, GENEVA, Switzerland, March 10 – More than 1,300 rhinos were poached in Africa last year, a record since 2008 when South Africa banned trade in rhino horns, leading conservation body IUCN said on Wednesday.
“The number of African rhinos killed by poachers has increased for the sixth year in a row with at least 1,338 rhinos killed by poachers across Africa in 2015,” the International Union for Conservation of Nature (IUCN) said in a statement.
“This is the highest level since the current crisis began to emerge in 2008,” the Switzerland-based body said.
- Poaching in Kenya decreased over the past two years and went down for the first time in South Africa in 2015.
- According to experts, there were between 19,000 and 21,000 white rhinos in Africa last year and between 5,000 and 5,500 black ones.
The slaughter has been driven by demand for their horn in countries such as China and Vietnam, where they are prized for their purported medicinal properties.
The horn is composed mainly of keratin, the same component as in human nails, but it is sold in powdered form as a supposed cure for cancer and other diseases.
Trade in rhino horns was banned in 1977 by the Convention on International Trade in Endangered Species (CITES), an international treaty created in 1973 to protect wildlife against over-exploitation, and ensure that trade in specimens of wild animals and plants does not threaten their survival.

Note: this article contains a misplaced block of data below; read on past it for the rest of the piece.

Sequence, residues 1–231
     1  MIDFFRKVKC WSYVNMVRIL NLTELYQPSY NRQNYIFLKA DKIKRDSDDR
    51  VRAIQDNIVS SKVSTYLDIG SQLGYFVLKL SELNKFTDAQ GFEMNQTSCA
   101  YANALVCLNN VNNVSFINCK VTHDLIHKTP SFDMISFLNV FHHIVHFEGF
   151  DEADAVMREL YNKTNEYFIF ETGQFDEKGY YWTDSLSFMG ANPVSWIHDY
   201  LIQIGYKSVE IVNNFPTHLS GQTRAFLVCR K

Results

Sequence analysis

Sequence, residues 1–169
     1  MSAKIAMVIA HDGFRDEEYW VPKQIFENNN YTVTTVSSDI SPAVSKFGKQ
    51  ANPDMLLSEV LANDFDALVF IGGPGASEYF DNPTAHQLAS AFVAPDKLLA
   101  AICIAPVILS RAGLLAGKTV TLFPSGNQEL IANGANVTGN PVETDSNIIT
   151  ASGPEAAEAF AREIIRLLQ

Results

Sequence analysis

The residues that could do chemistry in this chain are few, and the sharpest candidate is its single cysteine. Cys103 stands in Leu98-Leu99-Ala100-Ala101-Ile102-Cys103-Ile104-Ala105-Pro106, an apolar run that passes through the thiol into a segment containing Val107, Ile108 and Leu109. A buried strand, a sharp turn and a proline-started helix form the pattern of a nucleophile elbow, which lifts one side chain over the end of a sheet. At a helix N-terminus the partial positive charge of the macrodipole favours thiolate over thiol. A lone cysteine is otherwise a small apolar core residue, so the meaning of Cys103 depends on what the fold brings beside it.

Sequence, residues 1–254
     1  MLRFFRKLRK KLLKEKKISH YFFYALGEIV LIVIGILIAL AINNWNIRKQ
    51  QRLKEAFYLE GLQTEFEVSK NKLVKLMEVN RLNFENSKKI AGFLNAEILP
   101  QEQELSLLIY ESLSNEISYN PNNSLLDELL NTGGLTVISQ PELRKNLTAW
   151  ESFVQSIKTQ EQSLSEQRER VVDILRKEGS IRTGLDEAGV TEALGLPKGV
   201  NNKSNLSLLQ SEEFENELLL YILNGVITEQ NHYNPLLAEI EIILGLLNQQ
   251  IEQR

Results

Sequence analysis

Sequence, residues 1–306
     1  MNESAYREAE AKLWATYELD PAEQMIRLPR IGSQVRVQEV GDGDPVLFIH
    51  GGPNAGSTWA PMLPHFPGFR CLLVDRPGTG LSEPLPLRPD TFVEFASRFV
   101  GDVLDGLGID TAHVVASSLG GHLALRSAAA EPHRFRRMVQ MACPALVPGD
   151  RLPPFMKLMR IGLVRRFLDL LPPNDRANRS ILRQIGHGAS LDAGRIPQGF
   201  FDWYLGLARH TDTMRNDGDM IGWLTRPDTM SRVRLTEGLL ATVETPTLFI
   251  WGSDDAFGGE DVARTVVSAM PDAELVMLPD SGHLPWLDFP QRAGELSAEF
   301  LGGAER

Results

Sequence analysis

But it was only banned in 2008 in South Africa, which is said to be home to 20,000 rhinos or 80 percent of the world’s rhino population.
IUCN Director General Inger Andersen said despite stepped up surveillance by field rangers risking their lives daily there had been “alarming increases in poaching over the past year in other vitally important range states, such as Namibia and Zimbabwe” both of which adjoin South Africa.
Demand for rhino horn from South East Asia is being illegally supplied by sophisticated transnational organised crime networks, the IUCN said.
They are sold for about $60,000 a kilo on the black market, making it more expensive than cocaine.
“The extensive poaching for the illegal trade in horn continues to undermine the rhino conservation successes made in Africa over the last two decades,” said IUCN expert Mike Knight.
On the plus side, poaching in Kenya decreased over the past two years and went down for the first time in South Africa in 2015.
According to experts, there were between 19,000 and 21,000 white rhinos in Africa last year and between 5,000 and 5,500 black ones.